Phone: +44 1784 443538
Research interestsJulian Johnson joined the Music Department of Royal Holloway in 2007, having previously been Reader in Music and Fellow in Music at St Anne’s College, University of Oxford (2001–7), and Lecturer in Music at the University of Sussex (1992-2001).
He has published widely on issues in music history and the aesthetics of music across the broad period of musical modernity from the late 18thcentury to the present. His work is always shaped by questions of musical meaning, evident in an engagement with the philosophy of music, ideas of nature and landscape, and the relation of music to literature and visual art. He was, for many years, an active composer receiving professional performances and broadcasts in Europe, the USA and Japan, a background that continues to shape the way he pursues musicological work. In 2013-15 he held a Major Research Fellowship from the Leverhulme Trust to pursue a project entitled ‘Music, Language and Voice in French Musical Thought’ which explores music from Debussy to IRCAM in relation to French philosophy.
In addition to articles in academic journals and over thirty chapters in edited volumes, he has written six books and edited two others, on topics including musical aesthetics, music analysis, composition, Adorno, Beethoven, Berg, Delius, Harvey, Hegel, Hoffmann, Klimt, Kraus, Macmillan, Mahler, Modernism, Proust, Schoenberg, Schumann and Webern. His 2015 book, Out of Time: Music and the Making of Modernity(New York: Oxford University Press) reads against the grain of style history to propose that the whole of music history, from the late 16thcentury to the late 20th, might be better understood through the lens of ‘modernity’. His 2020 book, After Debussy. Music, Language, and the Margins of Philosophy (New York: Oxford University Press) explores the idea that music's embodied thinking in sound offers a critical counterpart to modern philosophy's self-critique of the limits of abstract language.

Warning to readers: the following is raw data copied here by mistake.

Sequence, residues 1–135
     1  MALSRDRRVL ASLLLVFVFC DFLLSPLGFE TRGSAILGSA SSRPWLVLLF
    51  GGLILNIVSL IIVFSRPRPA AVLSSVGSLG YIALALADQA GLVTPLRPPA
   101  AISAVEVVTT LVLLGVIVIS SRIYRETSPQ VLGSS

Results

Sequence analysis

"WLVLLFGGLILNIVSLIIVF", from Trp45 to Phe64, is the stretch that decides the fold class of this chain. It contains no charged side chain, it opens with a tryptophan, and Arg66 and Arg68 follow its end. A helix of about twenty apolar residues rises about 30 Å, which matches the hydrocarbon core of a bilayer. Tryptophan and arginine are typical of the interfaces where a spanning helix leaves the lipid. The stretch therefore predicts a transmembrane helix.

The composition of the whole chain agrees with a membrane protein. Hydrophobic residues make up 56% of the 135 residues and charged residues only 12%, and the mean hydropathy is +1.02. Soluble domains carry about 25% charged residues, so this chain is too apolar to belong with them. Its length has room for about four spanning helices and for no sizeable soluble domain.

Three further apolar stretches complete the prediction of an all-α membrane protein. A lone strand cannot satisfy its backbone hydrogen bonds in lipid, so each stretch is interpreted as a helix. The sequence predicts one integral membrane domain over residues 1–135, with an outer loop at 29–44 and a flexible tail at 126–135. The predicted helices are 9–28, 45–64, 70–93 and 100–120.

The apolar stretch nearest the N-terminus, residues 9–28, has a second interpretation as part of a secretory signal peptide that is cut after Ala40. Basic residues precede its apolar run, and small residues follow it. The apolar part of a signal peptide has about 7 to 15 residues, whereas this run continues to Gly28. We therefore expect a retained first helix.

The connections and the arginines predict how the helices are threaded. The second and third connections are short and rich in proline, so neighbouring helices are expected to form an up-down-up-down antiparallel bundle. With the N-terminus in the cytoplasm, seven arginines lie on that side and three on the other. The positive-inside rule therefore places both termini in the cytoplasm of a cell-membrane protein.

In addition to being a regular invited speaker at international academic conferences, Julian is also committed to fostering a wider public understanding of music. To that end he has been a frequent guest on BBC Radio 3 and on the BBC TV coverage of the Proms, and for the last 25 years has regularly given public talks for leading orchestras and opera companies (including the Royal Opera, English National Opera, Glyndebourne Opera, the Philharmonia Orchestra, the South Bank Centre, and the London Sinfonietta). He has twice acted as Series Consultant to the Philharmonia Orchestra, in 2009 for City of Dreams: Vienna 1900-35 (cond. Esa-Pekka Salonen) and in 2011 for the Complete Mahler Cycle (cond. Lorin Maazel).
In 2005 he was awarded the Dent Medal of the Royal Musical Association for ‘outstanding contributions to musicology’ and, in 2013, became the holder of the first Regius Chair in Music established as part of the Queen’s Diamond Jubilee. In 2017 he was elected to a Fellowship of the British Academy.